RocketClub-Logo-300x300Some MIT grads have made an app to solve that problem. RocketClub is a way for early adopters to support new apps by being test dummies. (See this obviously-paid-for review of RocketClub.) In turn, the new app gives over a teeny bit of equity share in the company. This sounds like a good idea, right? Early adopters try things out for free anyway, so why not hook up potential users and developers?

Money motivation doesn’t work well for fans, that’s why. Behavioral Economists argue monetary compensation actually diminishes the participation of early adopters. It’s like asking friends to help you move. They’ll do it for free (perhaps expecting pizza and beer at the end of the day), but if you present it like a $10/hour job, they’ll turn you down. Motivation changes when money is introduced. RocketClub shouldn’t court early adopters, as the tiny bits of compensation will only decrease their interest. The company should reach out to more “normals” – people who wouldn’t ordinarily test buggy software. They will be more apt to work (by testing apps) than new-tech pioneers. Also, normals will be the ultimate end-users; it’s probably better to go directly to them if you want to know where the real bugs hide.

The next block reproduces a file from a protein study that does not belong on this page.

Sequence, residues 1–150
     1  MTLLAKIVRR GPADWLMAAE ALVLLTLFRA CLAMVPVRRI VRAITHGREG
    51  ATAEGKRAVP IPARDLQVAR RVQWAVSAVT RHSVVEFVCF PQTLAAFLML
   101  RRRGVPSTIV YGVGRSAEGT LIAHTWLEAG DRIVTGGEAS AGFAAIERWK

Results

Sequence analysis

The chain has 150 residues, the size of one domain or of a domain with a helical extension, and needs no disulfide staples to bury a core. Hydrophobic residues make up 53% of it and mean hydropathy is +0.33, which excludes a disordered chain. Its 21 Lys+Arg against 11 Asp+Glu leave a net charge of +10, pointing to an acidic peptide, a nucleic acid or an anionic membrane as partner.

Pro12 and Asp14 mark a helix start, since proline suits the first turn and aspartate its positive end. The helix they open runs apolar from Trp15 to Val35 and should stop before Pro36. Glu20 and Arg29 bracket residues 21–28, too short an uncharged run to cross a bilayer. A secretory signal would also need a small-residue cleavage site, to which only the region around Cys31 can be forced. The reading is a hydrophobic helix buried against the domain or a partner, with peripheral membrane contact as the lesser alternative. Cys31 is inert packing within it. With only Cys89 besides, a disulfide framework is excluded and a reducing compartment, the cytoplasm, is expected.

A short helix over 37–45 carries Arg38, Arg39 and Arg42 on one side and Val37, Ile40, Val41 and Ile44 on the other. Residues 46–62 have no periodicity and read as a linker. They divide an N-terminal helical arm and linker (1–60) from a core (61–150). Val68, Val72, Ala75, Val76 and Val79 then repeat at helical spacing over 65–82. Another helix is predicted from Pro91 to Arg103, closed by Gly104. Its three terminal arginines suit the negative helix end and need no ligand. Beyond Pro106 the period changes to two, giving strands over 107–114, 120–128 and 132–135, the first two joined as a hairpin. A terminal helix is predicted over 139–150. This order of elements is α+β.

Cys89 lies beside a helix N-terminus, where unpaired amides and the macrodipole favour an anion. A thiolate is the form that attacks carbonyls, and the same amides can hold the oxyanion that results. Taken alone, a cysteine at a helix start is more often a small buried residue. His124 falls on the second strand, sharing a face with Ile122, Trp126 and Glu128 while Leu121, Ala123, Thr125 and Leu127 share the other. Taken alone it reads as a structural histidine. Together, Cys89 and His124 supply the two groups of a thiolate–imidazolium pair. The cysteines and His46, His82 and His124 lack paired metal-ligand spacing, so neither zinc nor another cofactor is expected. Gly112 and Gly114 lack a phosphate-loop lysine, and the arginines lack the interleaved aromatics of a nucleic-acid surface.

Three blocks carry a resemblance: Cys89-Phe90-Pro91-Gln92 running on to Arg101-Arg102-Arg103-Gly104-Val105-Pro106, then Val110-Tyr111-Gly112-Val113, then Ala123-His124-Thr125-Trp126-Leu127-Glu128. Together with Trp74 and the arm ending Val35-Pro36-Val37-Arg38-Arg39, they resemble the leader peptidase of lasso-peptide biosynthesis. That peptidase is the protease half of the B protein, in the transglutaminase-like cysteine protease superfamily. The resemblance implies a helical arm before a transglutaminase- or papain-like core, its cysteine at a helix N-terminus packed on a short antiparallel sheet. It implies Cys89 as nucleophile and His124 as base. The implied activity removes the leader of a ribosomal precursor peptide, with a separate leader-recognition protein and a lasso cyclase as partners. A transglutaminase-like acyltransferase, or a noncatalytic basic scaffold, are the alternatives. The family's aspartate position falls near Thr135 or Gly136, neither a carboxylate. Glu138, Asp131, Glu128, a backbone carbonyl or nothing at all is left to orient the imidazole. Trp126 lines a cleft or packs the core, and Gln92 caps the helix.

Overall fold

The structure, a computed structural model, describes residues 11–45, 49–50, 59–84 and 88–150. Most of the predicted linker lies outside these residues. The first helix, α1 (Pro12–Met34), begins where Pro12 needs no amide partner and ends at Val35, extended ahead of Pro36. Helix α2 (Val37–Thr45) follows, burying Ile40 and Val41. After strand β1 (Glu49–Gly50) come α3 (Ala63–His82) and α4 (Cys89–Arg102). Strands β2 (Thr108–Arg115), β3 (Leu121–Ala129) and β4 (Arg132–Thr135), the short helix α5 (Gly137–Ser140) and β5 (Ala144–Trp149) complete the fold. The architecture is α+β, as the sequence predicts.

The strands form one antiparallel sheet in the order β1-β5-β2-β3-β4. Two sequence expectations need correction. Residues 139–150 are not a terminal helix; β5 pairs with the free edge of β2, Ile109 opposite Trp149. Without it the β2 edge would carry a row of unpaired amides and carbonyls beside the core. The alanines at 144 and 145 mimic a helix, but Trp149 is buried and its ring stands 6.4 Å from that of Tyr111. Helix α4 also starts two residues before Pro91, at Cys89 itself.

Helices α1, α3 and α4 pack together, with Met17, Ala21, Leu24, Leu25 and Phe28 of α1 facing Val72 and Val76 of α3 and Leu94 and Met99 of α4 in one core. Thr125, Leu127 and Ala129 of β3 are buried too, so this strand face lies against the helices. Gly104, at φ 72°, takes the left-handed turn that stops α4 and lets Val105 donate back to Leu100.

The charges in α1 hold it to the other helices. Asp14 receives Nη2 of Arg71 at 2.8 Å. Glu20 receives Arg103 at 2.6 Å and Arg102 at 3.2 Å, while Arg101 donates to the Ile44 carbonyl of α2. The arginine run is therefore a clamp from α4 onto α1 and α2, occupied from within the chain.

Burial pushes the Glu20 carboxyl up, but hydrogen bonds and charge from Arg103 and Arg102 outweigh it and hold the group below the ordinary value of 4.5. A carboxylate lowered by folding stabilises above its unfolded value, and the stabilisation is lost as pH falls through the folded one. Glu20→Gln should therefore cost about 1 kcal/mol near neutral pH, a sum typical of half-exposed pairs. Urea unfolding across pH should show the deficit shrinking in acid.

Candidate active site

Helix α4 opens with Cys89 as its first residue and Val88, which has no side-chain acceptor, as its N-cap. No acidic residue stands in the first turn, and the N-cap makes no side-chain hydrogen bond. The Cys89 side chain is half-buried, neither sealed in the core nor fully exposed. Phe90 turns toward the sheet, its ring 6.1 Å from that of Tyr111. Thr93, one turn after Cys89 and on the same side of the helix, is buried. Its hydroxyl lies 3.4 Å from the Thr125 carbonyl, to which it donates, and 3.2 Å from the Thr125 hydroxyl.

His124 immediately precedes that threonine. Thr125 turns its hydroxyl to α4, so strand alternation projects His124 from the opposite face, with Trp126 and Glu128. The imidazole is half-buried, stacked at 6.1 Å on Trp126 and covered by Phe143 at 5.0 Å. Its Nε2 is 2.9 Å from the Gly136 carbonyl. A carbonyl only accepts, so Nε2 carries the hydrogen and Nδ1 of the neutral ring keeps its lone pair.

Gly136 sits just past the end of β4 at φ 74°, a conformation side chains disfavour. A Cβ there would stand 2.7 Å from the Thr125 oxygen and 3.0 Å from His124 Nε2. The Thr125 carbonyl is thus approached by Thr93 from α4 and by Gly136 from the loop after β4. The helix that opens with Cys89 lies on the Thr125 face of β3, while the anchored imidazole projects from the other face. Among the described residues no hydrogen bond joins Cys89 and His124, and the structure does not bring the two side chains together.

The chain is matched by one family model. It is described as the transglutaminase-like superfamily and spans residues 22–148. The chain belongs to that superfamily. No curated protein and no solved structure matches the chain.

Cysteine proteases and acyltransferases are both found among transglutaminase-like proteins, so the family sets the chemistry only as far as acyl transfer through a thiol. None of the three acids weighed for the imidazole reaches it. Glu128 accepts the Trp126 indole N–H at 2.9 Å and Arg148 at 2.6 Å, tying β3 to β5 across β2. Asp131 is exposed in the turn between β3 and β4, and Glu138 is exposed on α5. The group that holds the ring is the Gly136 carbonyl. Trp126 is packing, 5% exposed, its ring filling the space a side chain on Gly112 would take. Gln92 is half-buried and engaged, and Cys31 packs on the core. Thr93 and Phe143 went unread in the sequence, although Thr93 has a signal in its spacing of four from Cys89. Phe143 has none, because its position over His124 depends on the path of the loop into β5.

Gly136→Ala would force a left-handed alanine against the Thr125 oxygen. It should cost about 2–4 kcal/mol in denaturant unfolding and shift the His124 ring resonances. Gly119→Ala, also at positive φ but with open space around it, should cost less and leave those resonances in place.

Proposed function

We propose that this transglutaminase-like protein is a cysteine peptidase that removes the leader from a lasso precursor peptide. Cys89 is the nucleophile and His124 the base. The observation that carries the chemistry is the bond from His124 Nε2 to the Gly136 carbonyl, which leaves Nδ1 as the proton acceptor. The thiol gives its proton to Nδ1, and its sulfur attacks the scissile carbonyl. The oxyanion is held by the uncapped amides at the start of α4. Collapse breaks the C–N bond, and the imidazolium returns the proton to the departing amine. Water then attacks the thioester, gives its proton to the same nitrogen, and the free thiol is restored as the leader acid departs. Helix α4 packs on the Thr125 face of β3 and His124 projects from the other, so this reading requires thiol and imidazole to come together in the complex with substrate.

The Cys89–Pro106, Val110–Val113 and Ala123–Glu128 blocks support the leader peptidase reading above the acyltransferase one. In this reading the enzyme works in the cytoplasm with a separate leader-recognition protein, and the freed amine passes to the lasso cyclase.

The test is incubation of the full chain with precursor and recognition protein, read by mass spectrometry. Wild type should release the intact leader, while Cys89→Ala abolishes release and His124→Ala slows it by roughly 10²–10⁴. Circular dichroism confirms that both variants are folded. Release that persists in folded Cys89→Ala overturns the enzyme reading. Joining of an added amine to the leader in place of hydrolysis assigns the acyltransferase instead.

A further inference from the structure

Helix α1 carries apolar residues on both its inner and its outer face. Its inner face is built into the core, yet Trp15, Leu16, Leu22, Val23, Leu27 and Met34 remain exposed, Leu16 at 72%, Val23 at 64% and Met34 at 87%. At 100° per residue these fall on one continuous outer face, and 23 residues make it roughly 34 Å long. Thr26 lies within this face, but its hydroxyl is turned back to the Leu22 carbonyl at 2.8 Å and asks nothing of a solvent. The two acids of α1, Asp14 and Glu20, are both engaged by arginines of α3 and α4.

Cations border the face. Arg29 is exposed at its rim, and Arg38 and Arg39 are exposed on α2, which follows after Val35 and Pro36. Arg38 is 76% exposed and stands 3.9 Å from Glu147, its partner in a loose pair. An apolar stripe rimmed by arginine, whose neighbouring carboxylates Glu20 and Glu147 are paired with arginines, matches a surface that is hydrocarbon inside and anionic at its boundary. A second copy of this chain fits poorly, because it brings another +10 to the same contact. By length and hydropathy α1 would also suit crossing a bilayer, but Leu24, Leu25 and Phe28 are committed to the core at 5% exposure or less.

But here’s the real problem

It seems like the MIT grads didn’t do a lot of research, OR… they are counting on young people to spam their friends. Their main membership push is a straight-outta-the-90s pyramid scheme. Get friends to sign up and your ranking moves up on some vague-promises list.